In case there was any doubt, NASA has released a reminder that this El Niño is big, likely to get bigger (maybe even record-setting) and that the weather is likely to be anything but normal through this winter for much of the U.S. A new set of maps published by the NASA Earth Observatory show that oceans are getting close to replicating the 1997More
This weekend could see heavy rain and flooding in the northern portion of the Philippines as slow-moving Tropical Storm Koppu nears the island chain.
The storm, also dubbed Lando in the Philippines, is chugging toward the Philippines at about 15 mph. While some wind shear is keeping it somewhat in check, Koppu is headed for an exceptionally warm patch of water that should help the storm become a typhoon with winds equivalent to a Category 3 hurricane.
The storm is likely to reach the Philippines’ northernmost island of Luzon by Friday evening or Saturday morning, local time. Koppu’s winds — while they shouldn’t be discounted — aren’t the main issue with the storm, though.
Instead, it’s rain and lots of it. Koppu’s slow pace means the storm could spend two days over the northern portion of Luzon, unleashing an absolute torrent. While Manila will likely be spared the worst impacts, widespread areas on the northern portion of the island could see up to 2 feet of rain through the weekend. That’s as much precipitation as Minnesota sees in a year. Other areas could see even more than that, particularly higher elevation peaks. Some models are calling for up to 4 feet of rain, which could trigger flash floods and mudslides.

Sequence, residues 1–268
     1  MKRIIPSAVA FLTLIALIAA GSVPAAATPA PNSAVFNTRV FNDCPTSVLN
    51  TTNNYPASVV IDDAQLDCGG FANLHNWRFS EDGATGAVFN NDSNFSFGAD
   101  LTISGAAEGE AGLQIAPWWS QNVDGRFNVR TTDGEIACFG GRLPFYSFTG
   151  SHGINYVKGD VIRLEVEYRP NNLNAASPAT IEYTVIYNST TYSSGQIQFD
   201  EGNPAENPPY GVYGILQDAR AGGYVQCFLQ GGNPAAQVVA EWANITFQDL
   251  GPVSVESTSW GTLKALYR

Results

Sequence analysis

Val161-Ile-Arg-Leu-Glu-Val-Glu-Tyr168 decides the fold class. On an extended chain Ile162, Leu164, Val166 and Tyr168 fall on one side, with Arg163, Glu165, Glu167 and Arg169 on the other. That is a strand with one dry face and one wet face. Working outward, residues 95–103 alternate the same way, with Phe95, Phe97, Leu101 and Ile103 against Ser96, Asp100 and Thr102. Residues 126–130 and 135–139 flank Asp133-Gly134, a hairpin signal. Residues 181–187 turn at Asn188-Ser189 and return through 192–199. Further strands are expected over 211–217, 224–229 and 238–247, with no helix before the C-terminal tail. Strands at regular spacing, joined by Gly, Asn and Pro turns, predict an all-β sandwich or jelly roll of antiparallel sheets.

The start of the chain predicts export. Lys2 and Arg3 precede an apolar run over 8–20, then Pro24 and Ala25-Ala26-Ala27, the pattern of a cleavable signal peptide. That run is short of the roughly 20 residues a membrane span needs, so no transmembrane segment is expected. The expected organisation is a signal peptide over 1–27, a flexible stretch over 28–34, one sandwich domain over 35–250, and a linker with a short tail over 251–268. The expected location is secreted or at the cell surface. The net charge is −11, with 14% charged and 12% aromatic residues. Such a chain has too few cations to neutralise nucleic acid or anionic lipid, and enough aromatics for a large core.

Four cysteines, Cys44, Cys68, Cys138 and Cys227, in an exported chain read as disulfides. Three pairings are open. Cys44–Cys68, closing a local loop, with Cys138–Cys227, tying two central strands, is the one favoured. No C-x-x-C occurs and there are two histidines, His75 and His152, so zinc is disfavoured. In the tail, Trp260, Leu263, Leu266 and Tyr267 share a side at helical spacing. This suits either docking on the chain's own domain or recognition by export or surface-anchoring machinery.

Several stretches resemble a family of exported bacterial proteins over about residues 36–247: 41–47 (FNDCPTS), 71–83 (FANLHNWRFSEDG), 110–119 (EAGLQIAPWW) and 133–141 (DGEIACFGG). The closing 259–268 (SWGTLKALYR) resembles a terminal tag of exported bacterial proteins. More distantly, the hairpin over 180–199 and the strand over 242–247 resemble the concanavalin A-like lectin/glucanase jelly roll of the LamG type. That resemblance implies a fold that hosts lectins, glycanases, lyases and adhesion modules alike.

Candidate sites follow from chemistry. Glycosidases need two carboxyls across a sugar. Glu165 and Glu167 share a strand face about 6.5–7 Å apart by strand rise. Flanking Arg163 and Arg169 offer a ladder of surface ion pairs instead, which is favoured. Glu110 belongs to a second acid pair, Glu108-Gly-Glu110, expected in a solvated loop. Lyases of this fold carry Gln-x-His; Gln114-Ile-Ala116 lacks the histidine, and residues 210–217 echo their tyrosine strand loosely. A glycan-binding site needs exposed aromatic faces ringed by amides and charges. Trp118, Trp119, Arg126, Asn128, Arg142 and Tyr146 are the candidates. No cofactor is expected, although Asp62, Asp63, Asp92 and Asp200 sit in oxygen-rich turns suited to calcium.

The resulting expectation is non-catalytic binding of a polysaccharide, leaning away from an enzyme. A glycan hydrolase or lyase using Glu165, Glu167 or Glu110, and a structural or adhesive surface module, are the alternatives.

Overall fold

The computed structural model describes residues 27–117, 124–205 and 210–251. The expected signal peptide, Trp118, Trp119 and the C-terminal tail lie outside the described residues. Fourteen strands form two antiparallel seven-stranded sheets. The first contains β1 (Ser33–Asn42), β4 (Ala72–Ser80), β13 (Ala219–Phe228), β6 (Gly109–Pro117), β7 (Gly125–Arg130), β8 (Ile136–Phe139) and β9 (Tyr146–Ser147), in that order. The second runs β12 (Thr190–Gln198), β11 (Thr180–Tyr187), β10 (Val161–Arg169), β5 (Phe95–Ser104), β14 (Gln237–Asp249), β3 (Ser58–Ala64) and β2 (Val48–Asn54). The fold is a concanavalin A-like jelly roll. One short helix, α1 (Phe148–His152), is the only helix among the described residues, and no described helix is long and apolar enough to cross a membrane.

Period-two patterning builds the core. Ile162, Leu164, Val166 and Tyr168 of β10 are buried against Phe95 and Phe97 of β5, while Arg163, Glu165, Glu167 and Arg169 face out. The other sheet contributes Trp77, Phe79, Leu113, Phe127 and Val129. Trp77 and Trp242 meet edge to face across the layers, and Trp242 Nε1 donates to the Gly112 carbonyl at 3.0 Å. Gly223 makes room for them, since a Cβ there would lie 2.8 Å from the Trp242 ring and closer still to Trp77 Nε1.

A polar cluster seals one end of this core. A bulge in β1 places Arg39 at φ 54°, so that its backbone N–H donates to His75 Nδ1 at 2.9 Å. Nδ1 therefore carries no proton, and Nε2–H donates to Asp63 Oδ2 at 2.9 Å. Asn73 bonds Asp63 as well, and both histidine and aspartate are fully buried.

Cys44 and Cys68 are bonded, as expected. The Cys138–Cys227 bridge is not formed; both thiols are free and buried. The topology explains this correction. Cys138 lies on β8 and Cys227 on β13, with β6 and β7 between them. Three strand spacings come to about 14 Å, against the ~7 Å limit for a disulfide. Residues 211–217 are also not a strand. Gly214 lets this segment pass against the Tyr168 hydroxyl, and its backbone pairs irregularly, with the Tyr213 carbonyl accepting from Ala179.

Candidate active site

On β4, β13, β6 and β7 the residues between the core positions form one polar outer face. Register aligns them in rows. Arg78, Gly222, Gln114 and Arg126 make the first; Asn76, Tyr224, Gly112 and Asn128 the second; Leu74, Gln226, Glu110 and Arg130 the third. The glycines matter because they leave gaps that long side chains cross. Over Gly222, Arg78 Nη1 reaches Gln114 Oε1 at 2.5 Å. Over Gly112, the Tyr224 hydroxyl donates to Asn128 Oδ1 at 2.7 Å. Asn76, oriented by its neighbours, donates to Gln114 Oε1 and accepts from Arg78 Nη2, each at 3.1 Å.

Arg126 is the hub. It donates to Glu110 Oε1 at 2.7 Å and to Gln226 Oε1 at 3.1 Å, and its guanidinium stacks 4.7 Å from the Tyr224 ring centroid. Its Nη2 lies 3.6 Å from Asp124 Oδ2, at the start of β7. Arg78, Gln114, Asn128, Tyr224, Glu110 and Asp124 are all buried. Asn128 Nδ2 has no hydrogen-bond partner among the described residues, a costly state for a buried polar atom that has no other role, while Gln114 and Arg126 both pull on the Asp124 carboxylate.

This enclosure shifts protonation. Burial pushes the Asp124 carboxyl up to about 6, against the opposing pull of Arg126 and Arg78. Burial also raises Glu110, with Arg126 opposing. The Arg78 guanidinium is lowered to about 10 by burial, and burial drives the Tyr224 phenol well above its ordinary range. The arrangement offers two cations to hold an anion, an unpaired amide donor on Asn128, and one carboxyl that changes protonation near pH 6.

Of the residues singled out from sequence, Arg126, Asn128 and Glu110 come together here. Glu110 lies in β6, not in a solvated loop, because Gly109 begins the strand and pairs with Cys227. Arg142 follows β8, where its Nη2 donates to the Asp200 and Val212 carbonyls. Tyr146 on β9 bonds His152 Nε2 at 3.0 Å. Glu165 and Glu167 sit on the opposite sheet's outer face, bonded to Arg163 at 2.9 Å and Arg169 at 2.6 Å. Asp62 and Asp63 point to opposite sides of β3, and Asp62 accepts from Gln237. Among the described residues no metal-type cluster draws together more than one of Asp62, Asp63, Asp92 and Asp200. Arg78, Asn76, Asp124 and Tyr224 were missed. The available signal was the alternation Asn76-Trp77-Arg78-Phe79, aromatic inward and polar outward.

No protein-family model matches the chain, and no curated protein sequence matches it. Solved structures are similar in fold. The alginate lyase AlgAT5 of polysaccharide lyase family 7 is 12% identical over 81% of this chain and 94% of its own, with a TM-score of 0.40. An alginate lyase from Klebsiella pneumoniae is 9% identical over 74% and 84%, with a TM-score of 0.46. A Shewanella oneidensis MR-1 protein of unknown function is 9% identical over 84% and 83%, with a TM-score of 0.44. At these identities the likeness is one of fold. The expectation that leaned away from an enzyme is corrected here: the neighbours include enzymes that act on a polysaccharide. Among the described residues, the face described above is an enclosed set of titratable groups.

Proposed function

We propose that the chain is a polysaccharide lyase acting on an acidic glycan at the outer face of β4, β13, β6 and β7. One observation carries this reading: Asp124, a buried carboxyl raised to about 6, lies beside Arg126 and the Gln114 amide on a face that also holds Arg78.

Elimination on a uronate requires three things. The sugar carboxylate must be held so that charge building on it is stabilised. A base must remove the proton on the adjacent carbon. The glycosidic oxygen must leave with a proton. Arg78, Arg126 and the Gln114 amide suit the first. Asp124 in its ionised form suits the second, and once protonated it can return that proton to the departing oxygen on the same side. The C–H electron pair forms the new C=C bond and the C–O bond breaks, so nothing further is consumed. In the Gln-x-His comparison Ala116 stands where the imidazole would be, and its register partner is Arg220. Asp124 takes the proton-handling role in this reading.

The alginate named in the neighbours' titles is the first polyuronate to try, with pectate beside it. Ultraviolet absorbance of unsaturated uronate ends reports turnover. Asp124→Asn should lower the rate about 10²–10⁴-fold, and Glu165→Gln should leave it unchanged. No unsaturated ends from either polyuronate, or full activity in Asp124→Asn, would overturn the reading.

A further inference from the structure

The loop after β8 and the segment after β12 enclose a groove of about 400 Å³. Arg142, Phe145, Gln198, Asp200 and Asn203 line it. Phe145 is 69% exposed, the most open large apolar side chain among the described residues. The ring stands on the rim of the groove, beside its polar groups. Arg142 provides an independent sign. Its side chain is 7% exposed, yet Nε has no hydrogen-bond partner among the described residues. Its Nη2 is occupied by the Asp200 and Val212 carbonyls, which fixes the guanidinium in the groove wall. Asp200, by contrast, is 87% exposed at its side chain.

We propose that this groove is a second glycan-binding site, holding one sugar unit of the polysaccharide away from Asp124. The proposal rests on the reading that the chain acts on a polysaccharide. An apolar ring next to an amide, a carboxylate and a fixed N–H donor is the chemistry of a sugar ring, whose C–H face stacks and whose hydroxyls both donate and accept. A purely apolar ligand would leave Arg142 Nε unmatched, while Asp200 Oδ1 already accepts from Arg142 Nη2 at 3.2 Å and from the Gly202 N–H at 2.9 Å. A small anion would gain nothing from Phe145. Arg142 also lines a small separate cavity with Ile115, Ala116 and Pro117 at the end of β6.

The Capital Weather Gang’s Angela Fritz notes that not making landfall could be even worse since the storm’s core wouldn’t be weakened by the tall mountains. That would help it unleash more havoc on lower lying areas.
Koppu is the 24th named storm in the western Pacific this year. By one metric — accumulated cyclone energy or ACE — the tropical cyclone season has been much more vigorous in 2015 compared to average in the western Pacific. The eastern Pacific is also having a much more active cyclone season. At one point this summer, four cyclones spanned the Pacific Ocean like pearls of swirling wind and rain.
A big driver for the basin-wide uptick in activity is El Niño. The warmer waters associated with it give tropical cyclones the fuel they need to form and strengthen. Climate change has also raised the ocean’s temperatures, though no specific analysis has been done on its impact on this year’s parade of tropical cyclones.